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Pickett Peak

Pickett Peak

Pickett Peak

Page Type: Mountain/Rock

Location: California, United States, North America

Lat/Lon: 38.75620°N / 119.90339°W

Object Title: Pickett Peak

County: Alpine

Activities: Hiking, Scrambling

Season: Spring, Summer, Fall

Elevation: 9118 ft / 2779 m


Page By: hgrapid

Created/Edited: Jun 26, 2010 / Jul 4, 2015

Object ID: 632459

Hits: 6109 

Page Score: 78.27%  - 9 Votes 

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From any viewpoint, Pickett Peak is impressive. It is a rocky tower rising above the forest, and presents an exhilarating, albeit, brief climb.

Despite these features, Pickett Peak is often overlooked. It is overshadowed by its higher, rocky-topped neighbor, Hawkins Peak 10,024’, which shares similar features.

Getting to the summit of Pickett Peak involves scrambling its rocky tower that looks pretty daunting, but isn't really that difficult. It is often hiked in tandem with Hawkins Peak.

Looking back at Pickett Peak on the way to Hawkins Peak
Looking back at Pickett Peak on the way to Hawkins Peak

The summit can be reached in about 1.5 to 3 miles one-way if starting from the base of Pickett Peak Road. Hawkins is another 2 1/2 miles further. Views are spectacular with the Sierra Nevada to the north, south, and west.

Red Lake Peak and Stevens Peak from Pickett Peak
Red Lake Peak 10,063' and Stevens Peak 10,059' from the summit of Pickett Peak

Pickett Peak can be hiked usually starting in June and can usually be hiked through about early November. If hiking in winter months, you will be snowshoeing up a steep grade.

Getting There

To get there from Reno, take 395 South until the highway ends in Carson City at Fairview Drive. Take Fairview drive for a little over a mile where it reconnects to 395 South. Follow 395 for 13 miles south to Highway 88, just before reaching the town of Minden. Follow 88 for about 19 miles. There is an offshoot south down Highway 89, but don’t take it. Stay on combined highway 88/89. Burnside Lake Road comes in at one the junction point where 89 goes north. Burnside Lake is a dirt route that leads to the Burnside Lake. About 3 miles up the road is a junction with Pickett Peak Road. Park here. Passenger cars can make it up the road, but SUVs are better if you want to be completely safe.

Route Description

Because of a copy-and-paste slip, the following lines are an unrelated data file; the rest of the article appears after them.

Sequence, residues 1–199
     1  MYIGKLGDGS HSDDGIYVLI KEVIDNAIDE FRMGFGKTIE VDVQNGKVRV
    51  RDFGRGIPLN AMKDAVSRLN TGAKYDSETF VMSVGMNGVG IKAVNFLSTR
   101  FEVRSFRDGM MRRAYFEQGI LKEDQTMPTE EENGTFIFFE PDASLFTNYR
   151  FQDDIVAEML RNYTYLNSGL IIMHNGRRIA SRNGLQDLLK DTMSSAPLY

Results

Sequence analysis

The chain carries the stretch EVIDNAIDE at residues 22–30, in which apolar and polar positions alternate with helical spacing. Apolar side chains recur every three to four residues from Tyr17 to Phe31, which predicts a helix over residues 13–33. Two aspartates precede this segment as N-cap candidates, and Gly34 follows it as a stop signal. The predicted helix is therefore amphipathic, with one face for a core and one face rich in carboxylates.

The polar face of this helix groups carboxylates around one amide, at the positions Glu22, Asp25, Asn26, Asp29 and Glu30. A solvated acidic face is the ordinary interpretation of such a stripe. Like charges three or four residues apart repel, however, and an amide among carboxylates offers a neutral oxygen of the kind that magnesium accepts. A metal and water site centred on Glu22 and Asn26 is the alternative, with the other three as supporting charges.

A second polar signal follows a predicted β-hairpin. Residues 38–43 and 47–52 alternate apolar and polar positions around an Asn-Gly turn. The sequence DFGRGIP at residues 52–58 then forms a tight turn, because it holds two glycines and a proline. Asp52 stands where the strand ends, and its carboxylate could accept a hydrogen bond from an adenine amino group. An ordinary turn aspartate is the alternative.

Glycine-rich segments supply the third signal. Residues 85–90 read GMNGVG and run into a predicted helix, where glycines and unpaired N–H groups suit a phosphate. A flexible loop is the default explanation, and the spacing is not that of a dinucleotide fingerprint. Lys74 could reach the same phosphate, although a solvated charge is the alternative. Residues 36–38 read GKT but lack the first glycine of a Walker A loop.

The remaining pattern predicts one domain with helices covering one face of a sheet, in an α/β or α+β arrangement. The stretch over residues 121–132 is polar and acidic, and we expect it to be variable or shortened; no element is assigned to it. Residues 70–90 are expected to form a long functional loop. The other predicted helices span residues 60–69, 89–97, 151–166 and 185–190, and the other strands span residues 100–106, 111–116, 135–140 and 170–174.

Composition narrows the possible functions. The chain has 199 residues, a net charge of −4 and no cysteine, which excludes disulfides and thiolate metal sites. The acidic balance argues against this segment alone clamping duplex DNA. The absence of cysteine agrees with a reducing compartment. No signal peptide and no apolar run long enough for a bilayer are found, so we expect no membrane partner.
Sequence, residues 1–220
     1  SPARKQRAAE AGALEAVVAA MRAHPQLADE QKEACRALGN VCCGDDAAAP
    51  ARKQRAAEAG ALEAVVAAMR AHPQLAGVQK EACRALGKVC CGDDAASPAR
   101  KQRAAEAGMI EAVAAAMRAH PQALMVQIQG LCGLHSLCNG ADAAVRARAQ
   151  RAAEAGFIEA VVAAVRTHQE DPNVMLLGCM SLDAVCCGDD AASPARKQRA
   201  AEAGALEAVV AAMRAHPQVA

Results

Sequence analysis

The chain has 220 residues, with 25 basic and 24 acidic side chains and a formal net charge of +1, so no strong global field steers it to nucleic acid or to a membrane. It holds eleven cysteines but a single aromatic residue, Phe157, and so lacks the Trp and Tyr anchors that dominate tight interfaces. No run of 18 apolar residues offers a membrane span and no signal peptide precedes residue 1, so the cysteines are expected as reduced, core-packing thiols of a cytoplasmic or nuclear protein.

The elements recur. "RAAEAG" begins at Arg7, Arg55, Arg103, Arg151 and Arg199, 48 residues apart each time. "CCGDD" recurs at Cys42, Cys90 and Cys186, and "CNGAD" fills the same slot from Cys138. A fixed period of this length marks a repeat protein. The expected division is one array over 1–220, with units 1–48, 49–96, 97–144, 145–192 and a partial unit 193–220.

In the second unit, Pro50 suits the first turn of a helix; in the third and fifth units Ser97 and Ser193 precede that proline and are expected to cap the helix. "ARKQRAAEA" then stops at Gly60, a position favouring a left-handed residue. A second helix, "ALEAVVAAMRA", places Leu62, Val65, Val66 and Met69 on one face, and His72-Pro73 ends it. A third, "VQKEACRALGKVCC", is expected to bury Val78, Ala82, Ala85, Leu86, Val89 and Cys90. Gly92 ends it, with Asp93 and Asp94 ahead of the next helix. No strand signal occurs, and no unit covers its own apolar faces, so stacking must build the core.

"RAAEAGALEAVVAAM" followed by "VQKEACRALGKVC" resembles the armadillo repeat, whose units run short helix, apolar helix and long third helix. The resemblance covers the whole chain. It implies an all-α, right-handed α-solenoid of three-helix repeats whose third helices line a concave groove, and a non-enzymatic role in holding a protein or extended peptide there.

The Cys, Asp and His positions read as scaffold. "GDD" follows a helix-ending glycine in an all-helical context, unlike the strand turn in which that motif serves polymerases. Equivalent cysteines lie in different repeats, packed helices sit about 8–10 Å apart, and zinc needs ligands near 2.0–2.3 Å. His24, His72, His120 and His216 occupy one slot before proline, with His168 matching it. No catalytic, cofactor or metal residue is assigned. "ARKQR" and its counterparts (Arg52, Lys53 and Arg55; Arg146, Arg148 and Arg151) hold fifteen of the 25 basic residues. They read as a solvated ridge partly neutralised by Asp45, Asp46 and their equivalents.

From the start of Pickett Peak Road, there are three options. If hiking Hawkins Peak, just hike a little less than 1/2 mile up the road and take a right on a steep road.  This steep road peters out, but you can continue through the forest up to the base of the rocks. You can also head a little over a mile up the road, and cut up towards Pickett Peak when you see a small opening through the woods. It is less steep than the first option, but a little longer. 

Pickett Peak through the trees
Pickett Peak through the trees

If just hiking Pickett Peak, and/or if you want some extra distance, you can take Pickett Peak Road until you see rocky-topped Point 9,003 - the rocky point behind Pickett Peak (or east of it). Take the road just north of Point 9,003. Make sure to keep going up, even if you have to leave the road. You will soon be at the base of Pickett Peak. You want to get around to its south side. An easy class 3 route takes less than 10 minutes up to the summit. This route is about 3 miles one way.

The final stretch up Pickett Peak
South side of Pickett Peak. The route is in between the rock pinnacles

The elevation gain is about 1,400 feet for either route.

Red Tape

In the winter you need a California Snow-Park pass to park at the Hope Valley Snow Park (Nov-May). The cost for the pass is $5 for a day and $25 for the season. In the summer parking is free. The peak is with National Forest Land and no permits are needed. A map of the Mokelumne Wilderness can be acquired from the Ranger Station at Carson Pass (although Pickett Peak isn’t officially in the Mokelumne Wilderness, the peak is on the map). This information came from Eric L.